One of the most moving books ever written on living with people with disabilities comes from Henri Nouwen. In Road to Daybreak, Nouwen tells the story of moving into a L’Arche community. L’Arche communities, founded by the Roman Catholic layman Jean Vanier, are intentional Christian communities where developmentally disabled adults live with others who are typically developing, in a way that promotes shared living grounded in the Gospel.
One episode from the book has always spoken to me, in part because of the name of the man involved. Although he is better able to articulate his faith than our son, “Danny’s Prayer” speaks to some of our most profound hopes, both for our son and for the Church. The Church needs to be a place where me meet Jesus, fall deeply in love with him, and try to do what he tells us and follow where he leads.
Here is the passage from Nouwen:
During evening prayer we sang simple songs. And we listened to Danny, one of the handicapped men from Cork, who with great difficulty read from Jean Vanier’s book I Meet Jesus, and we prayed. Danny said: “I love you, Jesus. I do not reject you even when I get nervous once in a while… even when I get confused. I love you with my arms, my legs, my head, my heart; I love you and I do not reject you, Jesus. I know that you love me, that you love me so much. I love you too, Jesus.”
As he prayed, I looked at his beautiful, gentle face and saw without any veil or cover his agony as well as his love. Who would not respond to a prayer like that?
As we live our lives, we come to know that many people wouldn’t answer a prayer like that. Some of us are too mean. When confronted with human suffering, others wish they could help but can’t see how.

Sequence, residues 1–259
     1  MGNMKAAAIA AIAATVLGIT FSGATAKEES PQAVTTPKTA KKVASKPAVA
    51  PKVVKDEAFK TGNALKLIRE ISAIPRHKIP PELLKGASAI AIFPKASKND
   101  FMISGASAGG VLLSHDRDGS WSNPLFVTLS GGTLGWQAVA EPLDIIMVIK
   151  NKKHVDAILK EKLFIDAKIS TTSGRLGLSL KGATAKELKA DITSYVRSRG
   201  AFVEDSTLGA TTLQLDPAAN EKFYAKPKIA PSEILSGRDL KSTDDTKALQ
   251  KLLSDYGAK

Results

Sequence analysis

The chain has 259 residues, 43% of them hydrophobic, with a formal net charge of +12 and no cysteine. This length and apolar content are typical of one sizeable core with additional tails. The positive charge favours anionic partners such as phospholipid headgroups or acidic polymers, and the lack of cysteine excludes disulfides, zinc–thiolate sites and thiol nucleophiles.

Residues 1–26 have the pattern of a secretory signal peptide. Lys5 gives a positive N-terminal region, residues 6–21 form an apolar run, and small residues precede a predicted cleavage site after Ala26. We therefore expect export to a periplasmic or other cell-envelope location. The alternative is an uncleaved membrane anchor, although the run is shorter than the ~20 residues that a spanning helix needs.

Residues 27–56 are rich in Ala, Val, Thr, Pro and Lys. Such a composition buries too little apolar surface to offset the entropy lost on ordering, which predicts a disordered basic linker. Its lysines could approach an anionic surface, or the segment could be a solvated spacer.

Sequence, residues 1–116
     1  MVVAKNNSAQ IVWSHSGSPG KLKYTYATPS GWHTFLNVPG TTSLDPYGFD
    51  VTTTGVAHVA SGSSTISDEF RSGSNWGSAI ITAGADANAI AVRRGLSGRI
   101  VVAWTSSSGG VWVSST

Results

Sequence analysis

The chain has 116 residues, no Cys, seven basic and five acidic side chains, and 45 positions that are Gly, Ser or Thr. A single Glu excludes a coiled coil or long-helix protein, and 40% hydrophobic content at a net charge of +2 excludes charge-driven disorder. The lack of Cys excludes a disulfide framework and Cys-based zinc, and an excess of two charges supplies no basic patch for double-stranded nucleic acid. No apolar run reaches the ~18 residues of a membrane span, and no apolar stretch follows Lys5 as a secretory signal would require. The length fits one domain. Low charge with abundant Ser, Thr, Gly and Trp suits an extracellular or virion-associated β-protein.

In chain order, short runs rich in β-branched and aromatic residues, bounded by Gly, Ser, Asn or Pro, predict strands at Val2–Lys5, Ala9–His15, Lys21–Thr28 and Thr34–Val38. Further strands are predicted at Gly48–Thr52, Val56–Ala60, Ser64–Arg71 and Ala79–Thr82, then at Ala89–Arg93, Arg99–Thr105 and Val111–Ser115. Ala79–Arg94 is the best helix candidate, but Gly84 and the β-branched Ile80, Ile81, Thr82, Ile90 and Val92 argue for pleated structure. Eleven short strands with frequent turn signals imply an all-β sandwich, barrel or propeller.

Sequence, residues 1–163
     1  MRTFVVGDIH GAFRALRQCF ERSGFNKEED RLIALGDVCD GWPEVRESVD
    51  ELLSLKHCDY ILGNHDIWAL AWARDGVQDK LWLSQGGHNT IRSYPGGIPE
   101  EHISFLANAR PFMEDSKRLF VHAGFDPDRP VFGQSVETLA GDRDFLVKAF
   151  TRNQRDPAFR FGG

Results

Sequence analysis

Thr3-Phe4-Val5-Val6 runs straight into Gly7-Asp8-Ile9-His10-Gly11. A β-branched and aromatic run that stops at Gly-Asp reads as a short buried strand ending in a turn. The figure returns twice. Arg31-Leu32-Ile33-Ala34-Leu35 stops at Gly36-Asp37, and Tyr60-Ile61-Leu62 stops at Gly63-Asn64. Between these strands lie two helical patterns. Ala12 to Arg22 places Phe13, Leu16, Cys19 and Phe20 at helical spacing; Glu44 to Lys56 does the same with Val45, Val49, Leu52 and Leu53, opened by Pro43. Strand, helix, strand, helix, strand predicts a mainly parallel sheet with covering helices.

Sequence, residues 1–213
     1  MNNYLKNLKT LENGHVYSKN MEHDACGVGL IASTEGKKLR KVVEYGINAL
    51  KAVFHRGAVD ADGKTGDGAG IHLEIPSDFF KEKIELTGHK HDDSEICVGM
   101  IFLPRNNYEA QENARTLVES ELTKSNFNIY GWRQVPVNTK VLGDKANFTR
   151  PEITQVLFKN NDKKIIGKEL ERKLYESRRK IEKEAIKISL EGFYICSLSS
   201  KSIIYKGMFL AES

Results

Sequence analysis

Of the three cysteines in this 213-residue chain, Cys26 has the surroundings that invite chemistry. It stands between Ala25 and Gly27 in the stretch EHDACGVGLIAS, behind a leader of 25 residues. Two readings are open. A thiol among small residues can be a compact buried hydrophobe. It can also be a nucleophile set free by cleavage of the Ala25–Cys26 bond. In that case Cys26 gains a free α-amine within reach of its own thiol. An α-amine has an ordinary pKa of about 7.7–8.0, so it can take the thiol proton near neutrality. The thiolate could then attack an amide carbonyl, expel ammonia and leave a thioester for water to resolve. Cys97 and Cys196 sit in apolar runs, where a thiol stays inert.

But God does know how. God has already answered this prayer, and many others like it, by sending us Jesus, God’s own Son, “to live and die as one of us.” God sends Jesus to love us and invite us to show our love in return. We are to love God with our arms, our legs, our head, and our heart. We are to love God with all we have and all we are. And we are to love our neighbors as ourselves.
God answers this prayer in the flesh of Jesus. And through flesh-and-blood communities with Jesus and his love at the center. When these communities are most faithful, they become a movement on a mission, intrinsically oriented to outsiders and those who don’t yet belong. When we are most faithful, we answer the call of Jesus, who said “Follow me, and I will make you fish for people.”
If we really understood this – and put it into practice – this world we live in would change. People would be less greedy. Our divisions would end. Hatred, violence, and injustice would end. Poverty would stop. So would the many ways we are so very afraid. We would live in harmony with God, each other, and the earth. Strangers would become neighbors, and enemies would become friends.
In the Name and power of Jesus, Christians are called to share this Good News. God calls us to know and share the love of Jesus. God calls us to cooperate with our non-Christian neighbors, to learn from them, to share our story, and to seek the common good. God calls us to create communities where neighbors help neighbors, where human divisions are overcome by love, differences are embraced, and ALL are welcome.
Like the song says, “They will know that we are Christians by our love.”
LOVE. Simple, this-worldly, practical love. That’s what our world needs most.
LOVE. That’s how God changes the world!
The Rev. Canon Bill Carroll serves as Canon for Clergy Transitions and Congregational Life in the Diocese of Oklahoma. He has served as a parish priest in Oklahoma, as a parish priest and college chaplain in Southern Ohio, and as a member of a seminary faculty. In 2005, he earned his Ph.D. in Christian theology from the University of Chicago Divinity School.